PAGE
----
Bermuda is a group of 150 volcanic islands in the North Atlantic 500 miles from North Carolina. The whole land area extends to only 20 square miles and Bermuda Island is the biggest.
Discovered by the Spanish in 1503, the island prospered with the arrival of English settlers in the early 1600’s and those cultural links exist to this day. Bermuda is still a British dependency and the British monarch is the official head of state. However, the island is self governing and has its own parliament.
Bermuda is world famous for its ability to attract tourists, and it’s not surprising when you consider the beauty of the islands. The water is crystal clear, the sand is soft pink, the plants are light green and the sky is every shade of pastel blue.
Due to its history, the culture of Bermuda is a mixture of British formality and Caribbean. For example, while the politeness and conservatism of afternoon tea is still popular, the freedom and excitement of Gombey music and dance captures the essence of island life on Bermuda.
And while the old British values of politeness and neatness are appreciated by many of the native Bermudans, due to the climate of the area, the informality of Bermuda shorts are an acceptable part of business attire. Rather ironically these Bermudan shorts are frowned upon by most cruise lines in certain parts of the ship, such as the dining room.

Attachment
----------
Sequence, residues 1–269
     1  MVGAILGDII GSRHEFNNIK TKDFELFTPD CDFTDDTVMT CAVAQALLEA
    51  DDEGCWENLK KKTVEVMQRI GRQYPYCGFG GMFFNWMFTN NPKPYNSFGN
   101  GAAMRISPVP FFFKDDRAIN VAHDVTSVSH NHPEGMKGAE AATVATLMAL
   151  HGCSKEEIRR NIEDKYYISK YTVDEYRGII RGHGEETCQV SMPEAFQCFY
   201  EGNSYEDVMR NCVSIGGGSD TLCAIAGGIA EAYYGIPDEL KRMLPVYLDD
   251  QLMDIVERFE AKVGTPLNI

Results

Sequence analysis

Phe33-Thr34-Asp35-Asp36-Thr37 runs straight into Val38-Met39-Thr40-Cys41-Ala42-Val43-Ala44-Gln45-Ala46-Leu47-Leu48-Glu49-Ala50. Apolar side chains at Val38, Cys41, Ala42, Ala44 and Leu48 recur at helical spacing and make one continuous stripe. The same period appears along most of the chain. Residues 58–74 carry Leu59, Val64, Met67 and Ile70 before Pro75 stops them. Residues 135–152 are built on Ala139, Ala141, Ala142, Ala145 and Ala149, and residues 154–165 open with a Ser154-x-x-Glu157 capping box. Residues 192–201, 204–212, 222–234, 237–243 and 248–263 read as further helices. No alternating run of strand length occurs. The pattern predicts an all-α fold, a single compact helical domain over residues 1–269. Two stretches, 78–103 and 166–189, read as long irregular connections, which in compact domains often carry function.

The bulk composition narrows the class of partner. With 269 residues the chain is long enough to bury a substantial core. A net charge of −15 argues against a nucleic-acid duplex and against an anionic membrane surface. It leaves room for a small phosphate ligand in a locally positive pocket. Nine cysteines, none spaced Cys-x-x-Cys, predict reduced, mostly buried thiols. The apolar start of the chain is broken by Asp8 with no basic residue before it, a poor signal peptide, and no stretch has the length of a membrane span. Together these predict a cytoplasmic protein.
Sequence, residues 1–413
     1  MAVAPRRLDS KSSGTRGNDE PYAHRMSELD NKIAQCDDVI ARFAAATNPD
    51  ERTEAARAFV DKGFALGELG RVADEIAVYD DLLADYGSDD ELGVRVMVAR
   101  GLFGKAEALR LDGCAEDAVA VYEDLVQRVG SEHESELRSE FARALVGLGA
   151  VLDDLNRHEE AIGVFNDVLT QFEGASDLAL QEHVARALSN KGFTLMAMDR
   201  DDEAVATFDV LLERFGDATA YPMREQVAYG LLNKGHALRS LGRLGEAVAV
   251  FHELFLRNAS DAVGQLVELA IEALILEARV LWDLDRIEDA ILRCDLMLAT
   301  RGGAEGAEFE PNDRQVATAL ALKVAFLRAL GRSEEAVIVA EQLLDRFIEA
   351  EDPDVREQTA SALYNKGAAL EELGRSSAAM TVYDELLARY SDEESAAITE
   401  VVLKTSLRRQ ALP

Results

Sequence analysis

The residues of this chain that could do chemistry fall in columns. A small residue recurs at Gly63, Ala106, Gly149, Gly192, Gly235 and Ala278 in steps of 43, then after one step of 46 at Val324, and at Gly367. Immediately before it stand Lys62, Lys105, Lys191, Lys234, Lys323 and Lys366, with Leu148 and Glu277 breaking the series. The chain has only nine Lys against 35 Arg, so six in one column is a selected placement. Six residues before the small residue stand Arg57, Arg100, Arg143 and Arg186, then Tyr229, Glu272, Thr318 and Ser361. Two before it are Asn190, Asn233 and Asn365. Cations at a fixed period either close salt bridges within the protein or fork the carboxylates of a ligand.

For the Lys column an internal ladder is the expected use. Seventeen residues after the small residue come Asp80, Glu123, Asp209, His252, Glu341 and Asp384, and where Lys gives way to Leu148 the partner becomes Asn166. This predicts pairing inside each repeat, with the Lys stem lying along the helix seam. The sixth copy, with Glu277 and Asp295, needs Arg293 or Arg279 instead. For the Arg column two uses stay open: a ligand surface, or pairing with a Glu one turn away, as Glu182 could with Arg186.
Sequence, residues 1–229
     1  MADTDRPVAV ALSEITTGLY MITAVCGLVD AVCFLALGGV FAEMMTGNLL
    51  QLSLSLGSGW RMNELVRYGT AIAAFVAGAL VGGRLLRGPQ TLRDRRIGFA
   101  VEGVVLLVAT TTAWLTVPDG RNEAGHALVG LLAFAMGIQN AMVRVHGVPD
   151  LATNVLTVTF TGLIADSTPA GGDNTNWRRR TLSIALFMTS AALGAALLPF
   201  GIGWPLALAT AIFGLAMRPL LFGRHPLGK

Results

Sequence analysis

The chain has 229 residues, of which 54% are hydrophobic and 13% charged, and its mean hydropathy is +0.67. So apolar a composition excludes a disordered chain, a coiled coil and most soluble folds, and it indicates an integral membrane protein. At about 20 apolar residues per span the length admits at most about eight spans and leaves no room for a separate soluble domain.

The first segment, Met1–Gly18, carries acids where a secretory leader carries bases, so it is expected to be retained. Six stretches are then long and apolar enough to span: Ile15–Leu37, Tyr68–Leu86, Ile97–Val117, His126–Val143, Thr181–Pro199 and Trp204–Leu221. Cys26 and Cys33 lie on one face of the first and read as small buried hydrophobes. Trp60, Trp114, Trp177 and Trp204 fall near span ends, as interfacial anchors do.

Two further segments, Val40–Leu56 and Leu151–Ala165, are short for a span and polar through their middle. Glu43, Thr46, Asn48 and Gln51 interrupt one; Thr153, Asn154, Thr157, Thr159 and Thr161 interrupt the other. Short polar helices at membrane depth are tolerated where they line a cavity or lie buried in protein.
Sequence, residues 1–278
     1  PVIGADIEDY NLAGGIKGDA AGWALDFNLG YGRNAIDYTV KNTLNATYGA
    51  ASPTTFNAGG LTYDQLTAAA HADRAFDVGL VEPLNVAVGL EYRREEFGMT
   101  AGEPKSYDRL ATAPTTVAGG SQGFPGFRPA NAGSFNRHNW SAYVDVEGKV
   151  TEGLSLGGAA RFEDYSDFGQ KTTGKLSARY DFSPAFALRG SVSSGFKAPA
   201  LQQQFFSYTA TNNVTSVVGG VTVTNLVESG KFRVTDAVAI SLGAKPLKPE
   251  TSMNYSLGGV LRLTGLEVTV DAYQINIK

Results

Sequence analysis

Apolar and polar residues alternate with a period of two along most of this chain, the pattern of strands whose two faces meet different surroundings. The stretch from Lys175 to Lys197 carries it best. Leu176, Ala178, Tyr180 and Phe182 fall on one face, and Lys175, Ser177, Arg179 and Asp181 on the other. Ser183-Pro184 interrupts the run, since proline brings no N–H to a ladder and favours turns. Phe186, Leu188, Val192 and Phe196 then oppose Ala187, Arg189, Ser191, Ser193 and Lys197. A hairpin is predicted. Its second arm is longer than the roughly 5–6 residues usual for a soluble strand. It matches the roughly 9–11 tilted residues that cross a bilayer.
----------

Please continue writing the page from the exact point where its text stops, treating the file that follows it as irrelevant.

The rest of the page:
Thanks to the Gulfstream, Bermuda has a great climate that allows all year round cruising. However, the peak season is from April to October. Unfortunately, this coincides with the hurricane season so your cruise could be interrupted if a storm moves into the area.
When your ship arrives in Bermuda, it will either dock in one of the two former city ports (Hamilton or St George) or the Royal Naval Dockyard at King’s Wharf. Hamiltion or St George are better locations because the Naval Dockyard is rather isolated, although a number of shopping and eating places are beginning to appear.
If you cruise itinerary allows you to spend some time in Bermuda, bear in mind that cars are not available to rent. So if you want to get around the main island you’ll have to do your sightseeing from a rented scooter. This is a great way to experience the freedom of the island, but you must get a copy of the local rules from the Bermuda Road Safety Council. Oh yes, and remember to drive on the left.